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Growing plants and human tissue in space

Hatch Green Chile plants are pictured growing in the Advanced Plant Habitat aboard the International Space Station (ISS). The Microgravity Growth of New Mexico Hatch Green Chile as a Technical Display of Advanced Plant Habitat’s Capabilities (Plant Habitat-04) demonstrates using the Advanced Plant Habitat (APH) by growing peppers in space for the first time.
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NASA
Hatch Green Chile plants are pictured growing in the Advanced Plant Habitat aboard the International Space Station (ISS). The Microgravity Growth of New Mexico Hatch Green Chile as a Technical Display of Advanced Plant Habitat’s Capabilities (Plant Habitat-04) demonstrates using the Advanced Plant Habitat (APH) by growing peppers in space for the first time.

Greenery in orbit

On Earth, plant life is abundant. In space, greenery is harder to find. But NASA scientists are trying to change that. Experiments on orbit are exploring how the effects of space affect plant life and how moon or Mars-bound astronauts might grow their own food.

Fresh vegetables, herbs and fruit provide a lot of vitamins and nutrients for the human body. NASA scientists are working to bring the benefits of fresh produce to astronauts by growing fresh food on the International Space Station.

Lisa Carnell, the Division Director of the Biological and Physical Science division at NASA, said the benefits of plants extends from nutrition. She said plants can also help the astronauts mentally.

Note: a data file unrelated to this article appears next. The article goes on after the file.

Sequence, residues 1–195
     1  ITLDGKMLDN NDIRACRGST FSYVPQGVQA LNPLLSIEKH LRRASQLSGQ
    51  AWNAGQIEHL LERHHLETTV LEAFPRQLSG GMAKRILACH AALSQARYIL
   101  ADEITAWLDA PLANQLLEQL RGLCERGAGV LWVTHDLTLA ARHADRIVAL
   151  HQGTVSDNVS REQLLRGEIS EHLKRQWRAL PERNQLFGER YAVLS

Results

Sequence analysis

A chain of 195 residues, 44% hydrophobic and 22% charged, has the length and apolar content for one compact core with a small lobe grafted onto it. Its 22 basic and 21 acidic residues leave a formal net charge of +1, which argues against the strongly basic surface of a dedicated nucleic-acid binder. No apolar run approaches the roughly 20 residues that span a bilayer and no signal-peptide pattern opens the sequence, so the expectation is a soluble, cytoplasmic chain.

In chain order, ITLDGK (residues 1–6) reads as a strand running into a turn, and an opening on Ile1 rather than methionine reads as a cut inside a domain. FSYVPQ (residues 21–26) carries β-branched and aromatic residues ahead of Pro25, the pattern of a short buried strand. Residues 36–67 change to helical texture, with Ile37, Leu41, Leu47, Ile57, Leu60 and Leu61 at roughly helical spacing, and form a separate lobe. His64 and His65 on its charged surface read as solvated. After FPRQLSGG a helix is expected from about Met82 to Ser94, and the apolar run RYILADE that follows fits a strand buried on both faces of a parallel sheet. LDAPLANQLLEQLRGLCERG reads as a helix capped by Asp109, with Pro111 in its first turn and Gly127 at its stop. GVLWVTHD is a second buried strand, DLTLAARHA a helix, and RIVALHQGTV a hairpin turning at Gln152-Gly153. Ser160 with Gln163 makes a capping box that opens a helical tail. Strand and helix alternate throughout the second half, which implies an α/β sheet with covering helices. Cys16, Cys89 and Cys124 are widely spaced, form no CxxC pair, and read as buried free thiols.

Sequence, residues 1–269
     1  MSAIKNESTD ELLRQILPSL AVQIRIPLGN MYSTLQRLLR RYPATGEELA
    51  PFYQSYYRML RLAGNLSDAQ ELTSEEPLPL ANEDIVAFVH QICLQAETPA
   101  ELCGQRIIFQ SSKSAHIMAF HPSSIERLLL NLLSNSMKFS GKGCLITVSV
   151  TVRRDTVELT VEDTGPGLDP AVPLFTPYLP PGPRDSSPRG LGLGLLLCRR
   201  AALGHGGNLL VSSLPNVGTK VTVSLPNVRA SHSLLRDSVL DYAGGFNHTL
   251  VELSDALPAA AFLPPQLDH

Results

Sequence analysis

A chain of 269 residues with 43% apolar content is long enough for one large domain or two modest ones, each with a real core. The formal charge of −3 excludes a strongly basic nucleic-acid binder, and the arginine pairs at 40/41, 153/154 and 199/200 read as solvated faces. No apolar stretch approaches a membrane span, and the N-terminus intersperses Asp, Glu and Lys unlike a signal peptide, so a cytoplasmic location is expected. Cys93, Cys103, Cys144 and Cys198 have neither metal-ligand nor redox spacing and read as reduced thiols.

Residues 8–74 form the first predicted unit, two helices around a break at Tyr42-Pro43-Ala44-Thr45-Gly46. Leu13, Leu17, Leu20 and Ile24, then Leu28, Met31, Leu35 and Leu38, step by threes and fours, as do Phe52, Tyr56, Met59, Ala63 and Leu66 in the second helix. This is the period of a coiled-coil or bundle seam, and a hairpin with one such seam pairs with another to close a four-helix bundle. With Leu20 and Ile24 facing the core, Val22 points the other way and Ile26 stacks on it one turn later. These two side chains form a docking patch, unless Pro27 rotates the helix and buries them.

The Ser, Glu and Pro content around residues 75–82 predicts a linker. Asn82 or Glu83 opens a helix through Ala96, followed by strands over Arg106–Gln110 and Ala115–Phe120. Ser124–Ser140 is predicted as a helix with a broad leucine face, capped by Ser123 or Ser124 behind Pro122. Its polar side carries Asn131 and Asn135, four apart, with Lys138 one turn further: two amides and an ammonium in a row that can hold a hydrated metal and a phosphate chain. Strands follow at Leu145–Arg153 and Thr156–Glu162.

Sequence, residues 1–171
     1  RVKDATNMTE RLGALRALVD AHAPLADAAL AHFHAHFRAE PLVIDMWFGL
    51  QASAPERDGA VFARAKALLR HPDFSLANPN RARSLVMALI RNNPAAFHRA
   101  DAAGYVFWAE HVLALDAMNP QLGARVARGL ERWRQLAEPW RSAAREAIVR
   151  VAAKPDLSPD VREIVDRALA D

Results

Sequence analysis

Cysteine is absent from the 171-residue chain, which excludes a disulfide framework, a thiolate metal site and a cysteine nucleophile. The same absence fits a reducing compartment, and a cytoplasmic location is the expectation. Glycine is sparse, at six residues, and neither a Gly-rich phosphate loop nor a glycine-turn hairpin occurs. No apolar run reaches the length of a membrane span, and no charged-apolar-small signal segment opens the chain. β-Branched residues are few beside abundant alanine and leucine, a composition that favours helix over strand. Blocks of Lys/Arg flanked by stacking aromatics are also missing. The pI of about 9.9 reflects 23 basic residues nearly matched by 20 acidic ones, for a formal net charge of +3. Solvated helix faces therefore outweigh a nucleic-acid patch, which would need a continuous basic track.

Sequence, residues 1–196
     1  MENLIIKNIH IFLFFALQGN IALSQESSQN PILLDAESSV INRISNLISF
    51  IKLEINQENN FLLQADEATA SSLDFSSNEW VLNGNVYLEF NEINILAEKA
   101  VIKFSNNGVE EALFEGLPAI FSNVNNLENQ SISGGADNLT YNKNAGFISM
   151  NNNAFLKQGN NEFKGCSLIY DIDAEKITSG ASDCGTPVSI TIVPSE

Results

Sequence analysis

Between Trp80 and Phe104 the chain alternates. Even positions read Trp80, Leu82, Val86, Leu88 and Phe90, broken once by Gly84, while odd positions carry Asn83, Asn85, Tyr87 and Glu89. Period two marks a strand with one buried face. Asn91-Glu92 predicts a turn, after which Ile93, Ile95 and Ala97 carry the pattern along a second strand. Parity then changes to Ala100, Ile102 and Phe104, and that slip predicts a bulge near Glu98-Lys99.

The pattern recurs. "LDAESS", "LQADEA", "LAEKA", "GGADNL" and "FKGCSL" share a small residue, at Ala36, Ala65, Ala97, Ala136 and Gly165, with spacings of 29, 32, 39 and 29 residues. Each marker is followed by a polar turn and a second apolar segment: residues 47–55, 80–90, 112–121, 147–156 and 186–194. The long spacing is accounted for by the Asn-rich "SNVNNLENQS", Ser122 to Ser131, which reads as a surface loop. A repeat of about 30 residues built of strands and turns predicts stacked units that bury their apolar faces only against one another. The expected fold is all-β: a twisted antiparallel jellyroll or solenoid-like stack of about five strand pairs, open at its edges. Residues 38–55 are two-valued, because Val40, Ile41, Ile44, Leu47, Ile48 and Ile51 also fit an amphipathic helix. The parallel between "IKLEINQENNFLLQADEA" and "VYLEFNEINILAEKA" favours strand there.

“We've done some psychological evaluations to see how this impacts the crew members and what is that psychological benefit to actually growing your own tomato or growing your own flower," Carnell said. "Those are some of the really big takeaways that are those intangible benefits that you get that you don't realize it's not just about the nutrients.”

As NASA starts to look at long-duration missions and exploring deeper into space, Carnell said this plant research is helping to make deep-space travel possible.

3D printing in space is advancing biomedical research

3D printers have been used to help with biological human studies, making things like organs or muscle tissue.

The aerospace manufacturer and space infrastructure technology company, Redwire is bringing 3D printing to space. The company has successfully printed human cells and tissue, like knee cartilage. Now, the company is attempting to print cardiac tissue on orbit.

The first human knee meniscus has been successfully 3D bioprinted in orbit using the International Space Station’s BioFabrication Facility. This is a significant step towards developing solutions to promote recovery from musculoskeletal injuries.
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NASa
The first human knee meniscus has been successfully 3D bioprinted in orbit using the International Space Station’s BioFabrication Facility. This is a significant step towards developing solutions to promote recovery from musculoskeletal injuries.

Redwire Chief Scientist Ken Savin said 3D printing is expanding possibilities for science. He said the goal is to one day print an entire heart.

"Ultimately, what we all talk about this someday printing up hearts," Savin said. "And the beauty is that we can print with tissue from the person who's going to receive that heart, it will be genetically identical."

With breakthroughs with the cardiac tissue and meniscus, Savin said 3D printing is the future for biomedical practices.

"It is where we're headed, and then it alleviates other problems that we have the fact that there aren't enough donors and most likely there aren't enough donors that are good matches for those people," Savin said.

Savin never imagined working on projects like 3D printing. He said printing human tissue feels like science fiction.

Marian is a multimedia journalist at WMFE 90.7 working as a reporter and producer for the 'Are We There Yet?' space podcast.
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